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WellCare suspension about to lift?

By Carol Gentry
9/18/2009 © Health News Florida

Even though WellCare Health Plans is still under federal sanctions barring it from marketing or selling its drug and HMO plans to Medicare beneficiaries, the Tampa-based insurer is advertising for sales people, indicating it thinks the suspension will soon be history.

WellCare spokeswoman Amy Knapp said the company can't comment on that beyond saying, "It's completely up to (the government) as to when sanctions will be lifted."

The flier seeks “benefit consultants”— a euphemism for sales staff, judging from the duties listed – for Medicare Advantage plans in several markets in Florida. It brags “very few companies are fortunate to experience such explosive growth!”

Actually, the growth has been stalled, at least on the Medicare side, since March 7. That's when the Centers for Medicare and Medicaid Services (CMS) suspended WellCare, saying the number of complaints about administrative hassles was among the highest of any in the country. (Citrus Health Care, another Tampa-based HMO with government contracts, was also suspended, but CMS' concern with Citrus lay in its finances.) 

Both remain under Medicare suspension, CMS spokesman Peter Ashkenaz said Thursday. 

WellCare and Citrus have been allowed to continue enrolling Medicaid recipients in Florida, since states make the rules on Medicaid even though most of the funding is federal. Medicaid programs account for almost two-thirds of WellCare's earnings.

Still, Medicare has been lucrative, several analysts have said in recent notes to investors. Their reading of the Senate Finance Committee bill and conversations with political analysts have convinced them it will remain so under health reform after a one-year trim.
 
It's vital for any company that sells Medicare drug and HMO plans to be free of sanctions when Medicare's open-enrollment season begins Nov. 15.  It would be better still, from WellCare's point of view, to be out from under the restrictions by Oct. 1, when marketing can begin.

Goldman Sachs analysts who spoke with WellCare's top executives last month and then issued a strong "buy" rating wrote that the Tampa-based company clearly believes it will be reinstated shortly.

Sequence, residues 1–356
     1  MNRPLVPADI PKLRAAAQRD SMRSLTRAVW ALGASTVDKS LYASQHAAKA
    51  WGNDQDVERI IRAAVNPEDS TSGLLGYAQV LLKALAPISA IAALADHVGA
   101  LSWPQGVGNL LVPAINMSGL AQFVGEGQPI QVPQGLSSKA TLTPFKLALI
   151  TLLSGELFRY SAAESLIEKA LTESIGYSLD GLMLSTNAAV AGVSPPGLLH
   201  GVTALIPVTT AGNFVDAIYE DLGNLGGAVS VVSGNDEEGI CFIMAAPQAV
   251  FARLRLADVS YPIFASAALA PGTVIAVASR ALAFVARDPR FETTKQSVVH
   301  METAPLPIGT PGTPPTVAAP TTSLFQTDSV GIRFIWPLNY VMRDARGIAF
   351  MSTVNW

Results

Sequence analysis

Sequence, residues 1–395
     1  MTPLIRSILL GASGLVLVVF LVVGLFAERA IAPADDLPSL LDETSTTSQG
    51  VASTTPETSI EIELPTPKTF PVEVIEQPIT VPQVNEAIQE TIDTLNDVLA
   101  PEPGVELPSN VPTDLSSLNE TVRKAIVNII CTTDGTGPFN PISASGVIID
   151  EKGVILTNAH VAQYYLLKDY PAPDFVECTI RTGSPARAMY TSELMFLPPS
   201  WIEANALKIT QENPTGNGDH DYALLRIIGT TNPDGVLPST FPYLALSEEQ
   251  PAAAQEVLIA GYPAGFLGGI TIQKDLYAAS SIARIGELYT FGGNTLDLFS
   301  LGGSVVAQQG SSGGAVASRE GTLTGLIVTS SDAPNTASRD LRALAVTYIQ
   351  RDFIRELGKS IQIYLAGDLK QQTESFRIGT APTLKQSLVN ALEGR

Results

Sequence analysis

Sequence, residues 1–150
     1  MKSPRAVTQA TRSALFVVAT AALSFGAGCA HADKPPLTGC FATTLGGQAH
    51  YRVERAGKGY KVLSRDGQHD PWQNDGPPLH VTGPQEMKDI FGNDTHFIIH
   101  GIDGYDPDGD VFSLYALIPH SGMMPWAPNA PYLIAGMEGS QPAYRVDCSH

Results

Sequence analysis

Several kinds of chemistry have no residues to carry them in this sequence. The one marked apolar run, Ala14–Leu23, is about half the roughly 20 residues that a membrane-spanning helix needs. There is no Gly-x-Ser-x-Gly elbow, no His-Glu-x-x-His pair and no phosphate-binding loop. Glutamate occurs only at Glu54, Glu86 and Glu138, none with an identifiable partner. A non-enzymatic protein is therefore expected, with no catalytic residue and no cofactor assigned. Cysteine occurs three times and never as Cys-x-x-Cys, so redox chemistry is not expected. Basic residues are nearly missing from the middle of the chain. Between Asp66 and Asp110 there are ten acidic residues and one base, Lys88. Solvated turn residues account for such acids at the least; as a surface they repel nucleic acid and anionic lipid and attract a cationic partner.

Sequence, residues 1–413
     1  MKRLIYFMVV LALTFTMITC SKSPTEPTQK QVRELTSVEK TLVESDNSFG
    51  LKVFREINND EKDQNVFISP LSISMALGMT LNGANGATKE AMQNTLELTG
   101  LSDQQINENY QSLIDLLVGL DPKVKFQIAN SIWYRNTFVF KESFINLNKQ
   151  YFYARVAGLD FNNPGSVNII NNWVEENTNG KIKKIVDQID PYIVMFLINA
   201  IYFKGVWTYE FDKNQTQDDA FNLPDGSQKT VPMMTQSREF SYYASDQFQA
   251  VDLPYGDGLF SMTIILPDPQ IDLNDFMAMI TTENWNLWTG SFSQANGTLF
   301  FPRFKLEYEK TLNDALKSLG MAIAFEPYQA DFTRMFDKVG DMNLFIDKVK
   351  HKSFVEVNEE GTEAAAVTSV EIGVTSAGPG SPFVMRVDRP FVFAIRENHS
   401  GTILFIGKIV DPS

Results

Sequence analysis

"It can't come early enough," Oppenheimer's Randi Roberts wrote Thursday. The company needs to grow its Medicare HMO book "or at least refresh it with younger, healthier seniors."

Wellcare’s Medicare Advantage membership peaked in April -- the month after the suspension went into effect -- at just under 270,000, she wrote, but has since fallen by 24,000, a drop of 9 percent. Most are in HMOs; the company is phasing out a looser non-network plan called private fee-for-service by the end of the year.

While it has not made any public statements about the matter, WellCare posted a filing with the Securities and Exchange Commission this week saying that CMS has renewed its prescription-drug plan contract. The SEC filing also noted that WellCare received a renewal of its three-year contract with Florida Medicaid from the Agency for Health Care Administration. WellCare has Medicaid enrollees in several states; Florida is the largest.

CMS spokesman Ashkenaz said the renewal of the contract doesn't mean the sanctions have been lifted; such renewals are "standard procedure," he said. Medicare beneficiaries who signed up before the suspension began were not affected.

"We have never stated we intend to non-renew or terminate (WellCare's) contract," Ashkenaz said in an e-mail. "However," he said, "they are also are still under sanction" on marketing and enrolling new members.

The suspension is unrelated to the charges of Medicaid fraud that were brought by the U.S. Justice Department and Florida Attorney General earlier this year following an investigation that exploded into public view in October 2007 with an FBI raid on WellCare's Tampa headquarters. The company was able to avoid criminal prosecution by settling the case with restitution and penalties totaling $80 million. It has headed off trouble with the SEC with a $10 million settlement and has a another $40 million put aside to deal with civil penalties. It also still faces a shareholder suit, but analysts aren't worried.

"The company has adequate unregulated cash to meet operational needs as well as legal settlements without raising additional capital," Goldman Sachs' Daryn Miller and Matthew Borsch wrote in May. At the time they said WellCare had $1.4 billion in total cash and investments.

Goldman Sachs rated WellCare as the health-care company most likely to be taken over by a larger insurer, which has led to a great deal of futures trading on the projected stock price. The companies that need to diversity into Medicaid and thus are most likely to be interested in such an acquisition, the analysts said, are Aetna and UnitedHealth Group. Neither WellCare nor the other companies has been willing to discuss it, as is traditional in possible mergers and acquisitions.

Part of the M&A talk has arisen from WellCare's appointment of Charles Berg as executive chairman. Berg has experience in getting a mid-sized HMO plumped up and ready for sale. He did it before with Oxford Health Plan.

--Carol Gentry, Editor, can be reached at 727-410-3266 or by e-mail.